June 12 marks the sixth anniversary of the night hate came to Orlando and murdered forty-nine people out for a night of fun. June 12, 2022, marks the sixth anniversary of the Pulse nightclub massacre.

Unfortunately, mass murders and terror attacks have become commonplace in America. Two weeks ago, nineteen elementary school students and two teachers were slaughtered by a gunman with an AR-15 in Uvalde, Texas. Ten days before that, ten Black people were also murdered in a grocery store in Buffalo, New York. And this list of American carnage and its trail of broken bodies and lives stretches back further than I care to or am able to recall.

That people have easier access to semi-automatic firearms than they do to a ballot cooks my brain.

I have a longstanding aversion to depictions of violence. I gave up on horror with the film version of Stephen King’s Carrie (1976). All interest in slasher movies ended with Halloween (1978), the original with Jamie Lee Curtis. I walked out of Natural Born Killers (1994). I know . . . don’t ask me what I expected. The subject matter was right there in the title. I let Mel Gibson dupe me into a theater for 127 minutes of gratuitous bloodletting in The Passion of the Christ (2004). I headed for the exit minutes into No Country for Old Men (2007).

I’m not so naive to believe that film depictions of violence are “real.” Truth is, there’s no denying that Hollywood movie magic is convincing. Making the incredible believable is the film industry’s stock in trade. For some moviegoers, these depictions fall into the realm of inspirational, if not aspirational. That people have easier access to semi-automatic firearms than they do to a ballot cooks my brain. Essentially, these killers take fantastical scenes from the silver screen and make them a lethal reality now playing at any Main Street, mall, grocery store, school, movie theater, freeway, home, or house of worship near you.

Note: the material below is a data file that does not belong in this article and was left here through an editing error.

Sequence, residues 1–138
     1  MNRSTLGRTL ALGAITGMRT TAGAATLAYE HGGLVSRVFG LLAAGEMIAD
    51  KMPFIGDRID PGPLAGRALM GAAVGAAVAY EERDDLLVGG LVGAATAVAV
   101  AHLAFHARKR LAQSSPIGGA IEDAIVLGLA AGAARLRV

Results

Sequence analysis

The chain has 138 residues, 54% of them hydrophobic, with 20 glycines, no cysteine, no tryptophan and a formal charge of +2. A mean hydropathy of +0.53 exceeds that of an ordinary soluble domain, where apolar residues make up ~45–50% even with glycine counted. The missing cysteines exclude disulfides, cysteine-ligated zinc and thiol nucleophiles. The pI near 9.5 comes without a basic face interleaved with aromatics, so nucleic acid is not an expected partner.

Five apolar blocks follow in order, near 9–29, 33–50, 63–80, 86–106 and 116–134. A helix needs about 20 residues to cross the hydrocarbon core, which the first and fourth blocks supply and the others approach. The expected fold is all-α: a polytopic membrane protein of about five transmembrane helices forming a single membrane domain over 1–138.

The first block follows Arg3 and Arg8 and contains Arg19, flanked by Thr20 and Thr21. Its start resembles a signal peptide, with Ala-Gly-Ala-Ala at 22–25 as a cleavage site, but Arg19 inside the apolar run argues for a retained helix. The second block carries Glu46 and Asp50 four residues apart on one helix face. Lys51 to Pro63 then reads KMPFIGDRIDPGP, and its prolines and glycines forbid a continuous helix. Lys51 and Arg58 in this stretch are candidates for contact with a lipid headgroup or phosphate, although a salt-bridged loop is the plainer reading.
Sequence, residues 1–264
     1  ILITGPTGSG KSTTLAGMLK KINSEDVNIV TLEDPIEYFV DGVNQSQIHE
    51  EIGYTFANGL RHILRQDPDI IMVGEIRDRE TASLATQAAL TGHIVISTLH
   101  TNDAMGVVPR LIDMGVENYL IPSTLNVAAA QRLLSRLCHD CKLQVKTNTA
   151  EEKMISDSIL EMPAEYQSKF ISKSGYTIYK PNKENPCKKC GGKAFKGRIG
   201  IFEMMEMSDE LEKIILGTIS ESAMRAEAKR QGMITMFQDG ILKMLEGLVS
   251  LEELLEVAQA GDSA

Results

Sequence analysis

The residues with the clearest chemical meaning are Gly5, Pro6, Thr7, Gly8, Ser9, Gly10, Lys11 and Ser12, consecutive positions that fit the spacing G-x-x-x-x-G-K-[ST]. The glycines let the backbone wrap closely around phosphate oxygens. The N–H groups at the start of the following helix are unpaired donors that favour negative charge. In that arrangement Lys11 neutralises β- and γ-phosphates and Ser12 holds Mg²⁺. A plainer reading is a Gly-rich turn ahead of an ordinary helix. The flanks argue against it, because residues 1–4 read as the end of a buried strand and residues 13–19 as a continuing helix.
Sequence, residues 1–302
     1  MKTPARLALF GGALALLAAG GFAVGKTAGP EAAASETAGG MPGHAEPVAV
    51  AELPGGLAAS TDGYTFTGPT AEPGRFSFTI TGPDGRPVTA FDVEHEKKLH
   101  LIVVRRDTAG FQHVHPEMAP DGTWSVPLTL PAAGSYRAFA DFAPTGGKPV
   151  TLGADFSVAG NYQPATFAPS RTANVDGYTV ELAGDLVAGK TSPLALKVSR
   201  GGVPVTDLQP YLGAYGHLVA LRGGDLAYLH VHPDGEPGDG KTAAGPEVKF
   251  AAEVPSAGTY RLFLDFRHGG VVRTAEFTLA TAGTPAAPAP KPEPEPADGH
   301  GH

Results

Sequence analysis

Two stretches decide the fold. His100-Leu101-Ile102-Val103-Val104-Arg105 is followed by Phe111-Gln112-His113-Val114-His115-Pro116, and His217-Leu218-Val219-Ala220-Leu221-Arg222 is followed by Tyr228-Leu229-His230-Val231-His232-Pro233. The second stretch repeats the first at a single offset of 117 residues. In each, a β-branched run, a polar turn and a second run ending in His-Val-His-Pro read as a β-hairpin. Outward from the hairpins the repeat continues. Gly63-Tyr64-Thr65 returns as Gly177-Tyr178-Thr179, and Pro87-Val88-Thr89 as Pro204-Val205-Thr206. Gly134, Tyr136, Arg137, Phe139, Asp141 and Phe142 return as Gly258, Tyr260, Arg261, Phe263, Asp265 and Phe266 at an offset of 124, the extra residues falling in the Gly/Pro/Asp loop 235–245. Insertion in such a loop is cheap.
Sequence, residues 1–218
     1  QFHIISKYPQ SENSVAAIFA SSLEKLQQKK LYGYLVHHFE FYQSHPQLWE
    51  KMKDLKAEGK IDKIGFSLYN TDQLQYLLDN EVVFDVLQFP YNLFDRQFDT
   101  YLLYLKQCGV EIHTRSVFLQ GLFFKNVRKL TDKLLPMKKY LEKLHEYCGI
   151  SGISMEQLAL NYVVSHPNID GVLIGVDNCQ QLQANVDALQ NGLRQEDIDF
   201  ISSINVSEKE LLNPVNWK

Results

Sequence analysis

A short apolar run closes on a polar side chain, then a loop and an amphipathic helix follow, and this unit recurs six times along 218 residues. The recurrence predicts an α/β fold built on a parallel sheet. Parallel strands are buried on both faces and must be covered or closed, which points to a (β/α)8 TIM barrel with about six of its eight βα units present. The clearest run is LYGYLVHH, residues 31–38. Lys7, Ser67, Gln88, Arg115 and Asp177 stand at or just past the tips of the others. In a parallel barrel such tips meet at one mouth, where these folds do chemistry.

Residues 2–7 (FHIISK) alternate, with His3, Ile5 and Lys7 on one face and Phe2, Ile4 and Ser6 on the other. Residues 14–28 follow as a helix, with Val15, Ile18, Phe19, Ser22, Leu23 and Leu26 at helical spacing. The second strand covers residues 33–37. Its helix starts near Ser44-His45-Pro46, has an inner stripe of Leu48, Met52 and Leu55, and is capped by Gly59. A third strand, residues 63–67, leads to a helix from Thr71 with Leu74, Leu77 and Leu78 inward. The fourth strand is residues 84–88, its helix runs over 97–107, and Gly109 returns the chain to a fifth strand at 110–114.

Pulse nightclub, Orlando. Photo by Michael Rivera, Wikimedia.

The Columbine High School massacre (1999) solidified my loathing of gun violence.

Call me squeamish, wimpy, whatever—I don’t care. With every fiber of my being, I believe people were not created to destroy the bodies of living people, and certainly not with firearms that can eviscerate and decapitate so many so quickly.

No one expects a mass shooting in their town. We certainly didn’t in Orlando, not in the place where Mickey Mouse lives, where so many people the world over come to make memories to last a lifetime. Over the days, weeks, and months following the shooting, stories of the survivors’ terror, first responders’ heroism, and victims’ families palpable grief flooded the media. Listening to their accounts, I understood that no one ever need experience so tragic a preventable loss.

It’s too late to undo the past. But we still have time to prevent such killings in the future.

The victims of these murders are never nameless, faceless automatons. They are always real people, family members, and friends who loved and were loved. They had hopes and dreams. Their lives had meaning and impacted others. It chaps my ass that in the twenty plus years since Columbine, legislators, for some reason, just can’t seem to pass legislation to put the brakes on these senseless killings of Americans. How many times do we have to move through this predictable cycle of agony before they get it? How many more people have to die?

It’s too late to undo the past. But we still have time to prevent such killings in the future.

Six years ago, few Orlandoans could have imagined such a despicable hate crime would play out in our back yard. Six years ago, Central Floridians demonstrated the depth and breadth of their love and support of the victims, their families, loved ones, and first responders. Our best continues to make us Orlando Strong.

LGBTQ tribute ribbon. OHF Weekly.

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